In the United States of America, the media plays a gigantic role in the life of every man, woman, and child. No one can escape the media, for our life has become based around it. Televisions are being built into cars, the internet is full of advertisements, the radio is constantly blaring – there is no one person in the USA that is able to escape the media and its effects, that is, unless they choose to live literally under a rock. It has many positive and negative effects on our everyday life, as it influences all of our thoughts and actions. One giant thing that the media does is to help give all Americans “lenses of gender” (Lafky, 1996), which are imbedded in our “social, political, and economic institution and shape the way we interpret all media” (Belknap & Leonard, 1999, p. 473). Though these “lenses” develop because of many aspects of our life, the media is truly “one of the greater contributors to gender role socialization in American culture” (Lafky, 1996, p. 380). No matter which sort of media is studied, the same gendered themes seem to run rampantly through out. These gendered themes are becoming more regressive as the years pass, as the media turns back to the stereotypes that were prevalent long ago, such as the housewife and care taker. Instead of moving forward and accepting different types of more forward, independent women, the media continues to forcefully display them as the weaker sex.
[...] The second theme that ran though all three studies was that the brief exposure to the media in any way can reinforce gender roles. These exposures do not have to be over a period of years, for only short durations of exposure can cause a viewer to have those gender roles reinforced or new gender roles perceived. The media has a bigger impact than someone dictating these gender roles verbally because most forms of the media are interactive and consequently do not permit the receiver of a message to respond and this socializing agent the visual imagery provided by the media can have powerful impact on our attitudes, values, beliefs and behaviors” (Belknap and Leonard p.104). [...]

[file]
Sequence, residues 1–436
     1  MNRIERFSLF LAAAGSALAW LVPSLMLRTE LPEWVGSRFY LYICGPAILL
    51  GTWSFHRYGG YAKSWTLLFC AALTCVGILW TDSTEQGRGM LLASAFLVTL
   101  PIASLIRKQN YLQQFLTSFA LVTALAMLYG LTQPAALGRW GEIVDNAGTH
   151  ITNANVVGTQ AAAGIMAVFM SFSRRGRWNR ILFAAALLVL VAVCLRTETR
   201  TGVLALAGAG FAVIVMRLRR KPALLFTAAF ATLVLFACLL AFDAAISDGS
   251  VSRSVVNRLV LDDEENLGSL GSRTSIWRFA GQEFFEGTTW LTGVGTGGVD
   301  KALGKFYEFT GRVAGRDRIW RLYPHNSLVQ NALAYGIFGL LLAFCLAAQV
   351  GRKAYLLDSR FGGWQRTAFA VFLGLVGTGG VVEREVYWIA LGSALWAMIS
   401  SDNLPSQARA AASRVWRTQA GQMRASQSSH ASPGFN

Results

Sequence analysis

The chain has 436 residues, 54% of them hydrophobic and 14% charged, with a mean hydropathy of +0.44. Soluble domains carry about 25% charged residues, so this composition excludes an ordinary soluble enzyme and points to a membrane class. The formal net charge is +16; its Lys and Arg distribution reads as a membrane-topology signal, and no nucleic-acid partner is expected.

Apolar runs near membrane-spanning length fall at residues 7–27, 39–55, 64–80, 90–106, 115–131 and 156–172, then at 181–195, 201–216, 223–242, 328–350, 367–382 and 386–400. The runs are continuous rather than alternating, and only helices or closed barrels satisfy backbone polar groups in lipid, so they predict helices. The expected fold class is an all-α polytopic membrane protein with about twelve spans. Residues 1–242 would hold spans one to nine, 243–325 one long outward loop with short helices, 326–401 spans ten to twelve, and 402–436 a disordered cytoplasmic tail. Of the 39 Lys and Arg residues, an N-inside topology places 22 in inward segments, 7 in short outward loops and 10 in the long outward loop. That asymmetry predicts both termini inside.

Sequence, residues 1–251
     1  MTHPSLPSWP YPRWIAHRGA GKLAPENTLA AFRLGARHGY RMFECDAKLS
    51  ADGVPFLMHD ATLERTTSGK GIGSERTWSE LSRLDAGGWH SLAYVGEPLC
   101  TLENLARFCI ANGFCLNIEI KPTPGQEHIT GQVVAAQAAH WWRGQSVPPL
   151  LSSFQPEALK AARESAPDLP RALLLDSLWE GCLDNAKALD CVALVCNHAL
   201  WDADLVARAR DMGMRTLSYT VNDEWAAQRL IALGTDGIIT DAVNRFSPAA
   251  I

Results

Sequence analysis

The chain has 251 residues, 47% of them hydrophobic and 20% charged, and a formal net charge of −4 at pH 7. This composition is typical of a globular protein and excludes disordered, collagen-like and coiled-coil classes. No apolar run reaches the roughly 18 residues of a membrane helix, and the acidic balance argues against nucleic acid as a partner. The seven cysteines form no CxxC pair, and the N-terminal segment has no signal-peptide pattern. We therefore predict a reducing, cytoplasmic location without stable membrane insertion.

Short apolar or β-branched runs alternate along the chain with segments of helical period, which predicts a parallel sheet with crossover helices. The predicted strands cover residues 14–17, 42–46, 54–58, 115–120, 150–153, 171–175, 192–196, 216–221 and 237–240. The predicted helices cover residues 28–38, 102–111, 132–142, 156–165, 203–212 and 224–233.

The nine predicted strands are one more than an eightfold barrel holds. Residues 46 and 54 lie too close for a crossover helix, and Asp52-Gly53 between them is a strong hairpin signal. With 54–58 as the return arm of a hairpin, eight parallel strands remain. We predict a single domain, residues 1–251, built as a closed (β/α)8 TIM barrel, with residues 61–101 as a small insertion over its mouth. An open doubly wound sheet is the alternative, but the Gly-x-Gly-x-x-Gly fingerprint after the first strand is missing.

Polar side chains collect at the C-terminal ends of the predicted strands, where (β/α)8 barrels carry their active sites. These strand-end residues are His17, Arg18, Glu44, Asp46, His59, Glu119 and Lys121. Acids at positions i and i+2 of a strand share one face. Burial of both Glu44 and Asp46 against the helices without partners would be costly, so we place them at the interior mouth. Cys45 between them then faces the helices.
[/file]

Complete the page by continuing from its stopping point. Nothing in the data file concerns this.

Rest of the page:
[...] The first theme that all of the articles agreed on are that in all forms of media the perceptions of social reality are altered. Instead of people seeing what the world is really like, the media presents stereotypes that essentially become the foundations of media. All messages to and about women are “created through presentations of idealized stereotypical portrayals of individuals” (Lafky p. 380). These can be everything to what a female should look like or what activities she should engage in. [...]
[...] All three studies looked at slightly different aspects of the gender role of women. Belknap and Leonard, as well as Fouts and Burggraf took random samplings of media and observed what was displayed. Belknap and Leonard studied the medium of print media through magazines. Fouts and Burggraff examined prime time popular television shows by taking a random sampling of shows. By choosing articles regarding different types of media it is proven that gender roles are not just in one form of media. [...]
[...] In seeing these stereotypical pictures, and with the media having such an immediate impact, it is no wonder why in many peoples' heads reality can be distorted to such large degrees. Though reality is distorted in most every persons head because of the media, those most affected are young women. The final theme that all three studies show is that the media has devastatingly negative impacts on young women's self perception. Constantly, they are told that they are supposed to be the submissive ones, being continuously displayed as childlike. [...]
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